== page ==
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A Few Kind Words About Grease
My wife often rearranges our cats. She picks them up and places them at points in the house that meet some incomprehensible scheme of things. The cats, being well mannered, go along with this and then go right back to where they were.
This is the way that gun oil behaves. You put it where you think it ought to go and then it goes where it pleases, which is usually into your stock, or your trigger, or your receiver. That is why we have grease. Grease stays where you put it.
Here is a brief review of some different kinds of grease I’ve found useful.
At the head of the list is RIG, which stands for Rust Inhibiting Grease. The stuff has been around since before World War II, and is the best thing I know of for preventing rust long-term. (It does not lubricate.) RIG is sold with a sheepskin pad, called a RIG Rag. You work a little into the wool and then wipe your guns. I’ve never had a RIGged gun rust on me.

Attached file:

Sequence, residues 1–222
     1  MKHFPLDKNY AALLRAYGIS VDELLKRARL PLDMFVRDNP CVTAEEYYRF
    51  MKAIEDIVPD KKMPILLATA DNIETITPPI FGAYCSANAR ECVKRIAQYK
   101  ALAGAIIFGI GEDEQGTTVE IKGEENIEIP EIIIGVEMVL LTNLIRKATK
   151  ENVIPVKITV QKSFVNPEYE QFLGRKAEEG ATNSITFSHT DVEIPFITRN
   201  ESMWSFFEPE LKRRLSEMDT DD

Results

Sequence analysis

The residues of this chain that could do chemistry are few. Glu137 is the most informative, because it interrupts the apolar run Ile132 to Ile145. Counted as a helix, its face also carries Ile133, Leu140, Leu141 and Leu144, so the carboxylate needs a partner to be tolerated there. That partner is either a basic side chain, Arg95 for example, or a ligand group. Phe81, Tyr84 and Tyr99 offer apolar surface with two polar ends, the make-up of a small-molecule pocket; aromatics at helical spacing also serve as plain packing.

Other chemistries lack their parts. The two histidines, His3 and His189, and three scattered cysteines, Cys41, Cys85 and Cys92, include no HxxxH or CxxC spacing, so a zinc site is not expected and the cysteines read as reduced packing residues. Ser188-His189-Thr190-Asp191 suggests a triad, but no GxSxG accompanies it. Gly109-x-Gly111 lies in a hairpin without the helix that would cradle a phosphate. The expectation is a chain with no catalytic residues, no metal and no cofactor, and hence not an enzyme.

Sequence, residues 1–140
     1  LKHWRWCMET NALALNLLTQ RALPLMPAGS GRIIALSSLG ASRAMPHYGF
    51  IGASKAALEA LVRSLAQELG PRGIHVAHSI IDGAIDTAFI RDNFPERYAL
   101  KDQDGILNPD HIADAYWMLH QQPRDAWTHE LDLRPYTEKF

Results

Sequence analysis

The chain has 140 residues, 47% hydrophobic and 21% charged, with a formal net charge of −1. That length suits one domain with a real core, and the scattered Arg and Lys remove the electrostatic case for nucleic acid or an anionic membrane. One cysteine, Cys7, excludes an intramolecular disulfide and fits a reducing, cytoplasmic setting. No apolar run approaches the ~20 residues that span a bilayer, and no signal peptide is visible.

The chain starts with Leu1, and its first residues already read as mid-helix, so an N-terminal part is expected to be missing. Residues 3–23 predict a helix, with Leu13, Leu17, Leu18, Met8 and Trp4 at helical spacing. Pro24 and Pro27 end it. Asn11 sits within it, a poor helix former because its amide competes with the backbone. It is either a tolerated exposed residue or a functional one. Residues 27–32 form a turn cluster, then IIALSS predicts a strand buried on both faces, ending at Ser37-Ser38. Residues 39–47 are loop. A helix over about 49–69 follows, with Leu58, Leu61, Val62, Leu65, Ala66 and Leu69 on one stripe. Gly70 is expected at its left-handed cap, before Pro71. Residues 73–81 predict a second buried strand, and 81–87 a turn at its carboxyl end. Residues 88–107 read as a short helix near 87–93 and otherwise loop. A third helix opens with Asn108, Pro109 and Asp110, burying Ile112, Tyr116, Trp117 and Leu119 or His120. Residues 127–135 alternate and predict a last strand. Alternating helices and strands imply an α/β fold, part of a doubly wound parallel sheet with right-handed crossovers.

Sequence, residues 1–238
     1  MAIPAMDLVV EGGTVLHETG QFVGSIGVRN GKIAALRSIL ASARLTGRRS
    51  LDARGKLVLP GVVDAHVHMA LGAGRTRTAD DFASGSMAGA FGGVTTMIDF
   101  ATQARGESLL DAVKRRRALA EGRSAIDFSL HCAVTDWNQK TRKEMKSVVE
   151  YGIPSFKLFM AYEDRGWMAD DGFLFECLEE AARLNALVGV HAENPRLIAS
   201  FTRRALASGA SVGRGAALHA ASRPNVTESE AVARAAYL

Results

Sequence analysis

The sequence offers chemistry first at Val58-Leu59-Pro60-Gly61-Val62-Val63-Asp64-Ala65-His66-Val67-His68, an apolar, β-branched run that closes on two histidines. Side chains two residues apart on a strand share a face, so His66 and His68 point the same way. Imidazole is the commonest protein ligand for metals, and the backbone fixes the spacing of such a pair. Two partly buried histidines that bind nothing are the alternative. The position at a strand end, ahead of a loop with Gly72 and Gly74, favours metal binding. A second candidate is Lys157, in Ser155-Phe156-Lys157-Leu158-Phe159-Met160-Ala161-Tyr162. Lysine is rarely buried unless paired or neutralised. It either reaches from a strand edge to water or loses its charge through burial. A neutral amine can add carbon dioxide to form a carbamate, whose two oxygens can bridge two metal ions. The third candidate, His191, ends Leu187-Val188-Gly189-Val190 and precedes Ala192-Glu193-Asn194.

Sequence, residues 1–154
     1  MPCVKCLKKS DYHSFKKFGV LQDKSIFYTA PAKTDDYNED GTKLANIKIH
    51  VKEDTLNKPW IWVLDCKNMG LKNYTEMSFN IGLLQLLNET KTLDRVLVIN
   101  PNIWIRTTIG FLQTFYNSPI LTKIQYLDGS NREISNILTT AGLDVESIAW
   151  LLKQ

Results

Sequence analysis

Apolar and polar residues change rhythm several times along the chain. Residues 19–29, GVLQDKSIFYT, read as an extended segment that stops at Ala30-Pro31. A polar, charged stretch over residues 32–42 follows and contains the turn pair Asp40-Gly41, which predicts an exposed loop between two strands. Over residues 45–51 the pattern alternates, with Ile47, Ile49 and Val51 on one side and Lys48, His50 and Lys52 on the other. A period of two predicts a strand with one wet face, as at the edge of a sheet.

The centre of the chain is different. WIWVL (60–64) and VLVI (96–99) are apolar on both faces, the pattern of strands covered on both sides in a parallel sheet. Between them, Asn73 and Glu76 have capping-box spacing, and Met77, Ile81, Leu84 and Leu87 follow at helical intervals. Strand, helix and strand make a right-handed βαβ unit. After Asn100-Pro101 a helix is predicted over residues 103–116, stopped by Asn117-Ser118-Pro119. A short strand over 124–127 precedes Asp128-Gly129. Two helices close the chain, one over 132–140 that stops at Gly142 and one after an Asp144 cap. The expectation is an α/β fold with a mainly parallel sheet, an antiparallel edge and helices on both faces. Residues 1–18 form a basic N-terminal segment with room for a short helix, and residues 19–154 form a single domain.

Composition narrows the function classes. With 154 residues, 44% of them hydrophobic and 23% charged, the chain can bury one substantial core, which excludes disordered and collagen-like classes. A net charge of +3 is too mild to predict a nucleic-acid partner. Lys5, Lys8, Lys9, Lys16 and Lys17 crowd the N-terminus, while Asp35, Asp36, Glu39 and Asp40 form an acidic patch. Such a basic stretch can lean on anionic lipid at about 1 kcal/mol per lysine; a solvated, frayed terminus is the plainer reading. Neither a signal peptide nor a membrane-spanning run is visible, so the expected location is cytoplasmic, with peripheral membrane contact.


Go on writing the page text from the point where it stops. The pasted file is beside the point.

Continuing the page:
Next is white lithium grease, which is sold in hardware stores. It’s for lubrication, not rust prevention, and is best used on shotguns, where it clings like grim death. Trapshooters love it, except when it comes time to get it off. Lubriplate is similar, and just as effective.
Birchwood Casey Choke Tube Lube, when applied to your choke tubes, will keep them from sticking. It seals the threads so all the nasty stuff can’t get at them. It also makes sensational stains on clothing.
Brownell’s Action Lube Plus is highly useful at any point where there is friction, such as bolt lugs, or the front rings of rotary-dovetail scope mounts, or pistol slides. Use sparingly.
Cosmoline is still around after who knows how many years, and will still do the job, although it is a nightmare to remove.
And a safety note: I don’t believe in greasing the bore of any firearm. If it’s clean and oiled it won’t rust, and hardened grease that you’ve forgotten about can cause dire jumps in pressure. I know of a truly frightful accident that was caused at least in part by old grease in an Enfield bore.